Effect of reduced pH on physiology and shell integrity of juvenile Haliotis iris (pāua) from New Zealand

The New Zealand pāua or black footed abalone, Haliotis iris, is one of many mollusc species at potential risk from ocean acidification and warming. To investigate possible impacts, juvenile pāua (~24 mm shell length) were grown for 4 months in seawater pH/pCO2 conditions projected for 2100. End of century seawater projections (pHT 7.66/pCO2 ~1,000 μatm) were contrasted with local ambient conditions (pHT 8.00/pCO2 ~400 μatm) at two typical temperatures (13 and 15 °C). We used a combination of methods (morphometric, scanning electron microscopy, X-ray diffraction) to investigate effects on juvenile survival and growth, as well as shell mineralogy and integrity. Lowered pH did not affect survival, growth rate or condition, but animals grew significantly faster at the higher temperature. Juvenile pāua were able to biomineralise their inner nacreous aragonite layer and their outer prismatic calcite layer under end-of-century pH conditions, at both temperatures, and carbonate composition was not affected. There was some thickening of the nacre layer in the newly deposited shell with reduced pH and also at the higher temperature. Most obvious was post-depositional alteration of the shell under lowered pH: the prismatic calcite layer was thinner, and there was greater etching of the external shell surface; this dissolution was greater at the higher temperature. These results demonstrate the importance of even a small (2 °C) difference in temperature on growth and shell characteristics, and on modifying the effects at lowered pH. Projected CO2-related changes may affect shell quality of this iconic New Zealand mollusc through etching (dissolution) and thinning, with potential implications for resilience to physical stresses such as predation and wave action.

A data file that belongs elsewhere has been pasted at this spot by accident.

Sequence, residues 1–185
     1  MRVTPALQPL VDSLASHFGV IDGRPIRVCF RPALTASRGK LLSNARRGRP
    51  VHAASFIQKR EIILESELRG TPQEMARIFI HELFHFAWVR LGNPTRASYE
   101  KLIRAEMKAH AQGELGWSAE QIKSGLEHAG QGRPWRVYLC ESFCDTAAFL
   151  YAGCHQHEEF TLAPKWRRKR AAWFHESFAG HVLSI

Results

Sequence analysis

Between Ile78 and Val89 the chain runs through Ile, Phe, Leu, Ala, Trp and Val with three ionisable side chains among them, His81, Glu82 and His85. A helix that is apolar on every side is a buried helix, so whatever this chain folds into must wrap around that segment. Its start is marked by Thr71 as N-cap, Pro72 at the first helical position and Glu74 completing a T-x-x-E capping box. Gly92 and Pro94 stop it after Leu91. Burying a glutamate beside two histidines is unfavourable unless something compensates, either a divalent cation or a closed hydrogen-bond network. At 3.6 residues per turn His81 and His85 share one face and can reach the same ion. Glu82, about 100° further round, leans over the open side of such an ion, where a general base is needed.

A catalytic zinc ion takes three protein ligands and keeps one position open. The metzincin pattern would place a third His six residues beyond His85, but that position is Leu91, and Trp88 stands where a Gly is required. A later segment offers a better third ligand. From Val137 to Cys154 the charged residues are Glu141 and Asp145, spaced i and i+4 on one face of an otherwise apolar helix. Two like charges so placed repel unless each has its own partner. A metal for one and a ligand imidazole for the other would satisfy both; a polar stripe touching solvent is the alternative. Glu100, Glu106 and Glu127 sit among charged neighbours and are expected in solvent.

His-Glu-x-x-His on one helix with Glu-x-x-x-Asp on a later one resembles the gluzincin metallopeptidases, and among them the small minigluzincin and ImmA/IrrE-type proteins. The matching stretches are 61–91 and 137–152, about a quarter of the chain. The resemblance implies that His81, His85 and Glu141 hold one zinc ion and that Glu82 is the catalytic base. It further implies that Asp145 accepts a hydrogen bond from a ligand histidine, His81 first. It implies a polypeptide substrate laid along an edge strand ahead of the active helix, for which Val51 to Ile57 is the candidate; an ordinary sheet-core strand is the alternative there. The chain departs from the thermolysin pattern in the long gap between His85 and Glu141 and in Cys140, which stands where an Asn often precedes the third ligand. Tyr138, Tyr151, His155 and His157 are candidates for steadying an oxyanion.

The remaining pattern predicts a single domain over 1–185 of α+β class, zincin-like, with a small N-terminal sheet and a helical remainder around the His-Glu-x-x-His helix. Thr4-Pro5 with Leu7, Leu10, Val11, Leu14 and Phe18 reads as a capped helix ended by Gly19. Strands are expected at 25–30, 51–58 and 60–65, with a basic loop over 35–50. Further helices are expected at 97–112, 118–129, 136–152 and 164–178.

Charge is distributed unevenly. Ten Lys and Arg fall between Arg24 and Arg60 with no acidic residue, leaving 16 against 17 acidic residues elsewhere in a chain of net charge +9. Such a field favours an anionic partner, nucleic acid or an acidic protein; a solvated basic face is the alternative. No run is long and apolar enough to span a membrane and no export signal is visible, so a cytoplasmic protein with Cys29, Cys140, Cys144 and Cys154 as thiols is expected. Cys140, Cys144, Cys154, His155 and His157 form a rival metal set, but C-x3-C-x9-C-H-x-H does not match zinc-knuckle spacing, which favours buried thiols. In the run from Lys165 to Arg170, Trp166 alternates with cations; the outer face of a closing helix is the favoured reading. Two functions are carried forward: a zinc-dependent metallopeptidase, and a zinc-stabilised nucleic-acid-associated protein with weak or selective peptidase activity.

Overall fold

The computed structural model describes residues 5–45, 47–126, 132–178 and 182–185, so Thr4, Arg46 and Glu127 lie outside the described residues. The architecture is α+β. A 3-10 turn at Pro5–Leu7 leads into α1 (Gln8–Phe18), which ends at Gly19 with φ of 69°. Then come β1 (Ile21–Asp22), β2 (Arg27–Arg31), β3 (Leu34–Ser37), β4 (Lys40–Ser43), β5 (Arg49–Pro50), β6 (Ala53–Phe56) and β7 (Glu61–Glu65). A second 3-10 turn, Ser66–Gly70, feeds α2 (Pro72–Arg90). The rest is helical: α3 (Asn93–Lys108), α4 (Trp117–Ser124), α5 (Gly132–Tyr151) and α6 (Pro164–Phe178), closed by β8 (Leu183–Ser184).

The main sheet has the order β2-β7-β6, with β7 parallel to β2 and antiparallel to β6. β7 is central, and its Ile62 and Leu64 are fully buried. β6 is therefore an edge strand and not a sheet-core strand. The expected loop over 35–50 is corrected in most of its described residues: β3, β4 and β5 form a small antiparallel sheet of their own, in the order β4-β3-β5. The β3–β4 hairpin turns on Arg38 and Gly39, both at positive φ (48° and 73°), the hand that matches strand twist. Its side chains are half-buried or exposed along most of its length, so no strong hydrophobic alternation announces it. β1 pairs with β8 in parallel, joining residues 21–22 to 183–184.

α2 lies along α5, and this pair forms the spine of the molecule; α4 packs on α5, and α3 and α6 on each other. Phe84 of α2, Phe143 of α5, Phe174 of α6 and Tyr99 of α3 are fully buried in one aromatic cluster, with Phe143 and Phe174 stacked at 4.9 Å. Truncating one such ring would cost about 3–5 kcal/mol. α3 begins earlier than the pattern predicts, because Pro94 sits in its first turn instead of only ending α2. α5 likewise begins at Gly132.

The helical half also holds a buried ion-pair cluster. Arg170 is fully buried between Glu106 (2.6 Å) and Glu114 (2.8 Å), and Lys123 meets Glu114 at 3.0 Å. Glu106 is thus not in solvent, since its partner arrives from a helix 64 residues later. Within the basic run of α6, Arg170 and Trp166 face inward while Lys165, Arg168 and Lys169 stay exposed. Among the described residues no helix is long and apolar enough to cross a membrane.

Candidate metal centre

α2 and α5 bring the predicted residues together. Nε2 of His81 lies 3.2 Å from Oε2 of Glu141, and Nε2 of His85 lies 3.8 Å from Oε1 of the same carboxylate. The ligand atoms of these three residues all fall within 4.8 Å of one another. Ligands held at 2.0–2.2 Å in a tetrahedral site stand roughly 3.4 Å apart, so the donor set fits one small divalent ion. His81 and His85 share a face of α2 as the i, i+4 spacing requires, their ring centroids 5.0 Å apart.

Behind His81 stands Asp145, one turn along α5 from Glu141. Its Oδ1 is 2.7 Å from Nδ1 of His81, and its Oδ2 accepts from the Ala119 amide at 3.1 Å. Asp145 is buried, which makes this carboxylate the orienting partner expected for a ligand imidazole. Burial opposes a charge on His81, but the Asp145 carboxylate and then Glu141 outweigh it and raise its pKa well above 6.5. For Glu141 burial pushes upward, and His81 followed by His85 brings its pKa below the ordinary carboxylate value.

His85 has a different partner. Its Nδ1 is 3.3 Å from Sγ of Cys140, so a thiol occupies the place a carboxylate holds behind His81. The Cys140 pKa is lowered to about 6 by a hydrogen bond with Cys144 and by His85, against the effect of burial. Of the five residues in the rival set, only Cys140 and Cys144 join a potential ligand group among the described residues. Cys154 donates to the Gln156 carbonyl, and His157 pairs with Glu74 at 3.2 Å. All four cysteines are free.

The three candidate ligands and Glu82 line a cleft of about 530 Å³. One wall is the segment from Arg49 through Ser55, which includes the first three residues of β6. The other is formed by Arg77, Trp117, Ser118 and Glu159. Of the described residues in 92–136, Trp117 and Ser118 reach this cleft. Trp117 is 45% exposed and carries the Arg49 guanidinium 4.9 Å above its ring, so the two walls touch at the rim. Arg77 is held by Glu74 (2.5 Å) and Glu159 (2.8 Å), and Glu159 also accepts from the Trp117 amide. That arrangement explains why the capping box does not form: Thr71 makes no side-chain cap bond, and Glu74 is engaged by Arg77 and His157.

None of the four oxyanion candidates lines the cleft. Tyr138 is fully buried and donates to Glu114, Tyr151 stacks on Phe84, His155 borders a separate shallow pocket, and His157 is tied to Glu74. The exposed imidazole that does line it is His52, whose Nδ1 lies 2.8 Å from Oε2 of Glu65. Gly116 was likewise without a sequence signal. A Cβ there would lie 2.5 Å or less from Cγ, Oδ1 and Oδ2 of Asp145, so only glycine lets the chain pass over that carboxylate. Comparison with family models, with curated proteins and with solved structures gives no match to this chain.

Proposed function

Cummings V. J.,​ Smith A. M., Marriott P. M., Peebles B. A. & Halliday N. J., in press. Effect of reduced pH on physiology and shell integrity of juvenile Haliotis iris (pāua) from New Zealand. PeerJ 7: e7670. doi: 10.7717/peerj.7670. Article.

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